borne singly). Flowers: pedicel (0-) 0.3-2.5(-5) mm; bracts
at base of perianth deciduous, usually 2, narrowly to broadly lanceolate,
0.5-1 mm, apex often acuminate; perianth whitish, usually tinged
with pink or purple [bright pink] between lobes
and in tube
beyond constriction, 1-1.5 mm; stamens 2-4, slightly exserted. Fruits
1-11 per cluster, pale
greenish to straw colored
or tan, narrowly
obconic, (2.7-) 3-3.5[-4] × 1.2-1.5 mm (l/w: (2-) 2.3-3.2),
or broadly low conic, glabrous; ribs
5, acute, slightly
to sulci; sulci 0.5-1 times as wide as base of ribs,
slightly to prominently coarsely transverse
rugose, not papillate
Boerhavia erecta occasionally forms mixed populations with B . intermedia without apparent intergradation. Rarely, some specimens seem to combine features of either species, particularly with regard to inflorescence structure. This is especially so in Sonora, Mexico, and in parts of the Sonoran Desert in Arizona. The two species bloom simultaneously and are visited by small insects. Given the presumed close relationship and weedy habitats of each, hybridization seems possible. Usually, the two species can be distinguished by the differences in fruit length , the appearance of a crownlike apex of the nearly mature fruits of B. erecta (apex of ridges slightly expanded, apex of fruit slightly conic), and the more precisely constructed terminal umbels of B. intermedia. Both species, particularly B. intermedia, may produce entire inflorescences with branches terminating in single flowers. R. E. Woodson Jr. and H. J. Kidd (1961) suggested that B. erecta hybridizes with the perennial B. diffusa. [source]
Flowers: Bloom Period: June, July, August. • Flower Color: near white, pale pink, white
Size: under 6" tall.
Disturbed areas, gardens, road and railroad rights-of-way, stream beds ; 0-1700 m [probably much higher in tropics].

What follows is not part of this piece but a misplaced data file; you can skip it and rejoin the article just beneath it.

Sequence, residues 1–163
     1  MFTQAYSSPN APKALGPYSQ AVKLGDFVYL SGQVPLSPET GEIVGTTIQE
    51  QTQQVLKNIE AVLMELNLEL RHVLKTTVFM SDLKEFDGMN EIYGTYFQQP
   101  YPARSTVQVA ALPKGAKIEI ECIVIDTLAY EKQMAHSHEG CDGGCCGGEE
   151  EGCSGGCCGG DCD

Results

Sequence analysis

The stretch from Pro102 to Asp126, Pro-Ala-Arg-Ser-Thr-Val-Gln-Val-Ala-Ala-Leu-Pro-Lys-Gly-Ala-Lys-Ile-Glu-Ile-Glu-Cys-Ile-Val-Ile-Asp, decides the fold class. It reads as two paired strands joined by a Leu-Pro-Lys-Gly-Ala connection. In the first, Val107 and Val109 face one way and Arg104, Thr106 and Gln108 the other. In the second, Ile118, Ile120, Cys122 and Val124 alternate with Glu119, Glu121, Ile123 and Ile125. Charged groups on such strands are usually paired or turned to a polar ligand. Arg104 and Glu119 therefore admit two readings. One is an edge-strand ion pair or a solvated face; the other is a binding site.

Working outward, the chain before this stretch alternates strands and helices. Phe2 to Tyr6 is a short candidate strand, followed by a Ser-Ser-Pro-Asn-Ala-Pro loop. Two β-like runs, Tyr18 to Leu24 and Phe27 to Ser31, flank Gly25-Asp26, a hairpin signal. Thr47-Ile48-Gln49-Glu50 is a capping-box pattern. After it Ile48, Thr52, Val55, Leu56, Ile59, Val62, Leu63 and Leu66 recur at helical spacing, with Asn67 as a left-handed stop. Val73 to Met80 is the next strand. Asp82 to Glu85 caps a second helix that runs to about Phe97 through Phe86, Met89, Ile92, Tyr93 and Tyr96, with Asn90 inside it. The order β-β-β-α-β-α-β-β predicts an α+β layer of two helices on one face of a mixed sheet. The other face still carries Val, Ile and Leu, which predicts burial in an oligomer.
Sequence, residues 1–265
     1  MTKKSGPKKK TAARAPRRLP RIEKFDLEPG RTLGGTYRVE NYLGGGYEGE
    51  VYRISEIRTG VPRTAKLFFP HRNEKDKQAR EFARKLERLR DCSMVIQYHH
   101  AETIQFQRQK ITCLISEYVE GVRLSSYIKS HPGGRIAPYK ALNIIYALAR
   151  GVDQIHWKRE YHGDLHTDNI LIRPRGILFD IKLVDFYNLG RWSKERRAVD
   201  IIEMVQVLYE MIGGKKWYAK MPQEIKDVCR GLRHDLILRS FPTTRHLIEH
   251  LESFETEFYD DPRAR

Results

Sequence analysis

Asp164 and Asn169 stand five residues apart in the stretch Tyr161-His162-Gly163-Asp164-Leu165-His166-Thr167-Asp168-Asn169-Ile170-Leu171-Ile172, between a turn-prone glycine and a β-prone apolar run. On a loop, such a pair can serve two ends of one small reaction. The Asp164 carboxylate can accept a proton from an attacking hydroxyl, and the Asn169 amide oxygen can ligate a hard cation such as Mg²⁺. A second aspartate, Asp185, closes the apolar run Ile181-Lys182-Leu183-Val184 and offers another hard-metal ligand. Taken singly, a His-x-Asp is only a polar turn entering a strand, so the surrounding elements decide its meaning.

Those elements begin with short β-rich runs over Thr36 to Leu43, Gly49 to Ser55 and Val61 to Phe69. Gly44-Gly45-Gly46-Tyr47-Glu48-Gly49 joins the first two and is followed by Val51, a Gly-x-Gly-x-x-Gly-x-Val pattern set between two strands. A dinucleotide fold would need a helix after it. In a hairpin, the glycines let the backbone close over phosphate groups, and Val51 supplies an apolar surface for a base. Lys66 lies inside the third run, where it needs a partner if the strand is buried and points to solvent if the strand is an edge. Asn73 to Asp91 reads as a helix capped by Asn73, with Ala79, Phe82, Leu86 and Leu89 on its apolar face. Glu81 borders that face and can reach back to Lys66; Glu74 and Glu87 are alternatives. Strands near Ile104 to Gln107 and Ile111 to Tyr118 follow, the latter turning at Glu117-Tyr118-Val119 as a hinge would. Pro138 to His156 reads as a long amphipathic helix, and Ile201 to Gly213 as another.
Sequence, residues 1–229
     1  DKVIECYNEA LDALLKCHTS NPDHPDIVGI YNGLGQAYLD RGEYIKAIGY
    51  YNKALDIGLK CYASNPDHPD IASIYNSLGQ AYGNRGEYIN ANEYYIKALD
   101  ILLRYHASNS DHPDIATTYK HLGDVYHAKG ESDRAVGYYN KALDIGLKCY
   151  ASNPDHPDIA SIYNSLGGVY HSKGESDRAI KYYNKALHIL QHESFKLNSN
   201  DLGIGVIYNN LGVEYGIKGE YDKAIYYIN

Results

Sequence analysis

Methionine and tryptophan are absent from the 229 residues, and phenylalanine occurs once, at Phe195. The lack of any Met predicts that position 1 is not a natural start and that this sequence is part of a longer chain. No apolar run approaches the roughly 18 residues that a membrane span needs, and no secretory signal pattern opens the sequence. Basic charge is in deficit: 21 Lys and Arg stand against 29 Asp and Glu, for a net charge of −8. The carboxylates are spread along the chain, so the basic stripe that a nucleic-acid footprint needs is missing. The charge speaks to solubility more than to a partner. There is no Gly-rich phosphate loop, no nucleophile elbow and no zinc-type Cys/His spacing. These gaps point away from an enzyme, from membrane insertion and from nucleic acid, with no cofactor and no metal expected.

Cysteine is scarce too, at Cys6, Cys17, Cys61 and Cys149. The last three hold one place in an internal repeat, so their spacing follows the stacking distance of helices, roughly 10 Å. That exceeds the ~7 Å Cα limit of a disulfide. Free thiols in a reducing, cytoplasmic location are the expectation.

Typically found at an altitude of 0 to 4,653 meters (0 to 15,266 feet).
Duration: Annual , Perennial
Sunlight: Sun Exposure: Full Sun .
Moisture: Drought Tolerance: High
Temperature: Cold Hardiness: 9a. (map)
- Whittaker & Margulis,1978
- Haeckel, 1866
- Cavalier-Smith, 1981
- Sinnott, 1935 ex Cavalier-Smith, 1998
- Vascular Plants
- Kenrick & Crane, 1997
- Brongniart, 1843
- Takhtajan, 1967
- Takhtajan, 1967
- Perleb, 1826
- Family: Nyctaginaceae () - A.L. de Jussieu, 1789, nom. cons. - four o'clocks, nyctaginacées
- Suborder: Phytolaccineae ()
- Order: Caryophyllales () - Perleb, 1826
- Superorder: Caryophyllanae () - Takhtajan, 1967
- Subclass: Caryophyllidae () - Takhtajan, 1967
- Class: Spermatopsida () - Brongniart, 1843
- Infraphylum: Radiatopses () - Kenrick & Crane, 1997
- Subphylum: Euphyllophytina ()
- Phylum: Tracheophyta () - Sinnott, 1935 ex Cavalier-Smith, 1998 - Vascular Plants
- Subkingdom: Viridaeplantae () - Cavalier-Smith, 1981
- Kingdom: Plantae () - Haeckel, 1866 - Plants
Publishing author : Elliott Publication : Sketch Bot. S. Carolina [Elliott] 1: 41 1816 [26 Sep 1816]
Members of the genus Boerhavia
ZipcodeZoo has pages for 19 species, subspecies, varieties, forms, and cultivars in this genus:
B. anisophylla (Wine Spiderling) · B. capitata (Scarlet Muskflower) · B. coccinea (Red Boerhaavia) · B. coulteri (Coulter Spiderling) · B. diffusa (Red Spiderling) · B. erecta (Erect Spiderling) · B. gracillima (Bush Spiderling) · B. herbstii (Alena) · B. intermedia (Five-Wing Spiderling) · B. linearifolia (Narrow-Leaf Spiderling) · B. mathisiana (Mathis Spiderling) · B. megaptera (Annual Spiderling) · B. pterocarpa (Apache Pass Spiderling) · B. purpurascens (Purple Spiderling) · B. repens (Anena) · B. scandens (Climbing Spiderling) · B. spicata (Creeping Spiderling) · B. triquetra (Slender Spiderling) · B. wrightii (Large Bract Spiderling)
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- A general index of the agricultural reports of the Patent Office, for twenty-five years, from 1837 to 1861; and of the Department of Agriculture, for fifteen years, from 1862 to 1876. Washington, Govt. Print. Off., 1879. url p. 194.
- A review of the references to the Hortus malabaricus of Henry Van Rheede Van Draakenstein [sic] Swansea: Printed at the Cambrian-Office, by Murray and Rees, 1839. url p. 35.
- An annotated catalogue of types of the University of Illinois mycological collections (ILL) / Urbana: University of Illinois Press, c1997. url p. 328.
- Annals of the New York Academy of Sciences. New York, New York Academy of Sciences. url p. 661.
- Bulletin - United States National Museum. Washington: Smithsonian Institution Press, [etc.];1877-1971. url p. 99.
- Contributions from the United States National Herbarium 1 1890-1895 Washington, D.C.: Smithsonian Institution Press, 1890- url p. 351, p. 494.